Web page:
Specific Drills To Improve Speed

Check out these specific drills to improve speed, which detail the physiological and biomechanical components of speed development.

Speed Drills

Whether racing to the finish line, end zone or first base, athletes rely on speed to be successful. That's why improving speed is so important among the three fundamental pillars of athletic success—strength, skill, and speed.

Like the first two pillars, improving running speed initially needs to be coached, followed by repetitive technical application. It also needs to be accompanied by a regular strength/power program. Although the speed component of any human endeavor involves some genetic predisposition, speed can be improved through the development and mastering of specific movement patterns. (See Head-to-Toe Sprint Mechanics.)

Athletes have performed specific drills to improve speed for many years, notably in track & field. Coaches of other sports, understanding the need for a consistent stimulus for speed development, have incorporated these strategies with their athletes. Typically, progressive drills are performed at a high intensity to re-program the rate at which muscles respond to the ground and how quickly they can move in space.

Once an athlete is properly warmed up and still relatively "fresh" (prior to a training or practice), he or she can perform multiple movement drills that generate power through the ankle, knee and hip.[1] The following specific drills to improve speed cover detailed physiological and biomechanical components of speed development, including, but not limited to, overload, force development, maximum velocity, neuromuscular learning, and progressive periodization. If each of these areas is maximized, speed improvement in all sports can, and will, occur.

RELATED: Basic Speed Training Drills for Any Sport

Speed Drills


The A-Run or A-Kick is a dynamic speed drill that mimics the proper movement pattern of a sprint. The A-Run emphasizes the heel-to-butt movement, which places the shin as close to the hip as possible during the swing phase of a stride while also placing the hip in the proper parallel position with the ground to promote sufficient stride length. Practice these components repeatedly. Over time, the speed and distance of the movement will increase. Once you master these technical aspects, you should perform the drill as fast as possible in a 10-meter area for three to four sets. If fatigue causes either a slowing of leg movement or a technical error, shorten the distance and reduce the sets. The goal of the progression is to perform fast and technical A-Runs up to 50 meters for five or six sets. Recover on the walk back to the starting line. Focus on:

  • Technique
  • Intense, fast movements
  • Increasing sets before distance

Split Squat Jumps

Split Squat Jumps are used to improve power, strength, and acceleration.[2]  They resemble some mechanical aspects of forward sprinting. The goal is to improve power, notably during the acceleration phase of running. The initial position of the drill forces you to produce the maximum amount of power in the front leg. This is followed by an explosive movement vertically, switching legs at the peak of the jump and landing under control, ready to perform the same movement again. Power is enhanced by spending as little time as possible on the ground and producing as much power and height as possible on the vertical component.[2] Arm swing should mimic the sprinting movement. To maximize effort on each jump, keep repetitions low initially (four to five reps per leg for three to four sets). Do not exceed 10 reps per leg. Once you can perform eight to ten reps per leg with maximum power, you can add  dumbbells or preferably a weighted vest for more resistance. As more resistance is added, reduce the repetitions. Recovery should be one to two minutes between sets. Focus on:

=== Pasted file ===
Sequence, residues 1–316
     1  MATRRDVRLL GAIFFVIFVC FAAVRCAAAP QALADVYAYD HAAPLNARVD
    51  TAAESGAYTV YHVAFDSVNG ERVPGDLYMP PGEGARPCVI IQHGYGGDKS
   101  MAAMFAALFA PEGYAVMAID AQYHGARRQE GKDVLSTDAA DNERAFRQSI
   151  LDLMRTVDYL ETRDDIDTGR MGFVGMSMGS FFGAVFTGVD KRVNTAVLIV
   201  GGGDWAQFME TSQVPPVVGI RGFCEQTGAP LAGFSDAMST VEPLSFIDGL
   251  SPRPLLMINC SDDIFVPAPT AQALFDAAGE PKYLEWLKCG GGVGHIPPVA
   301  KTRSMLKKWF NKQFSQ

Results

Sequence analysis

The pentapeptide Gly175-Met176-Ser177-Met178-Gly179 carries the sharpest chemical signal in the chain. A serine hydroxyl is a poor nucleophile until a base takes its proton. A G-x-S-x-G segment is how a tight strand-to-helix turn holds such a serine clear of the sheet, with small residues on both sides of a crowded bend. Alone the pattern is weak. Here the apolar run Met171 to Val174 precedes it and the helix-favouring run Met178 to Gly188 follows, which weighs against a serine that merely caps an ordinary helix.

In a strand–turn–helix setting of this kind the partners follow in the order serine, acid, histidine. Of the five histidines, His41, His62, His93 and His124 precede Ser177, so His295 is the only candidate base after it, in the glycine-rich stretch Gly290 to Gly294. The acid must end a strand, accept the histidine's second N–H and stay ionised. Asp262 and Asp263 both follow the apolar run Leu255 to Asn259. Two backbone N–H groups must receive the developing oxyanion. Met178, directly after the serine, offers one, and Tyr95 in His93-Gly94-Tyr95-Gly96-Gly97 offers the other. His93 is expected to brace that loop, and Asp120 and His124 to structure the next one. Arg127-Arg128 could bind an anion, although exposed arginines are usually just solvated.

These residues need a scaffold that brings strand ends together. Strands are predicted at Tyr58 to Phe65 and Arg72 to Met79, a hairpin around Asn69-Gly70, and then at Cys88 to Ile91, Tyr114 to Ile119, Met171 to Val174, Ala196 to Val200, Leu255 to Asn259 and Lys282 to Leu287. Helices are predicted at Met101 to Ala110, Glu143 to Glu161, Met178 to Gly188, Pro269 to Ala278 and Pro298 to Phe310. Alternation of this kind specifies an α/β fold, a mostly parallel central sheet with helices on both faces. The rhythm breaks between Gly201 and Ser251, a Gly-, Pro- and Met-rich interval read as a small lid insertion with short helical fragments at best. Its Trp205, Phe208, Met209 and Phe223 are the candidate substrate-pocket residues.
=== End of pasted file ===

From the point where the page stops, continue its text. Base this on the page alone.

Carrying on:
• Maximum effort on each jump
  • Increasing reps before adding resistance

Maximum Velocity Running

This is a traditional approach to improving speed, especially during the time when training devices were applied before proper mechanics were learned at high velocities. It is a simple approach to educating athletes about body control at peak velocity. This drill should be performed after the first two, because it combines all phases of speed development—acceleration, attaining maximum velocity, and maintaining maximum velocity. Once you have attained maximum velocity, sustaining it for as long as possible should be your goal. As soon as velocity diminishes, the set is complete. Distances should initially range from 20 to 40 meters and progress to no more than 100 meters, unless your particular event dictates otherwise. Perform four to six sets. Implements such as parachutes, sleds, bands, or pulley systems can be added once you demonstrate proper body control at high velocities. Focus on:

  • Combining the speed development drills
  • Body control and technique at high velocities
  • Maximum sustainable effort

These specific drills to improve speed should be performed between 3 and 5 days per week, even in-season (although with reduced repetitions at the same high intensity). In addition, a strength/power program should be ongoing. Adequate and structured strength training gives athletes the stamina they need to meet the demands of their sport and its speed-specific training demands.[4]

These tools for success are challenging, but they may be the difference-maker with respect to winning a scholarship, attending the college of your choice, making the varsity and winning.

(See also Best Training Drills to Increase Your Game-Time Speed.)


[1] Gabbett, TJ et al. JSCR 22(5): 1413-1415.
[2] Markovic, G et al. JSCR 21(2): 543-549.
[3] Aguilar, AJ et al. JSCR 26(4): 1130-1141.
[4] Delecluse, C. Sports Med 24(3): 147

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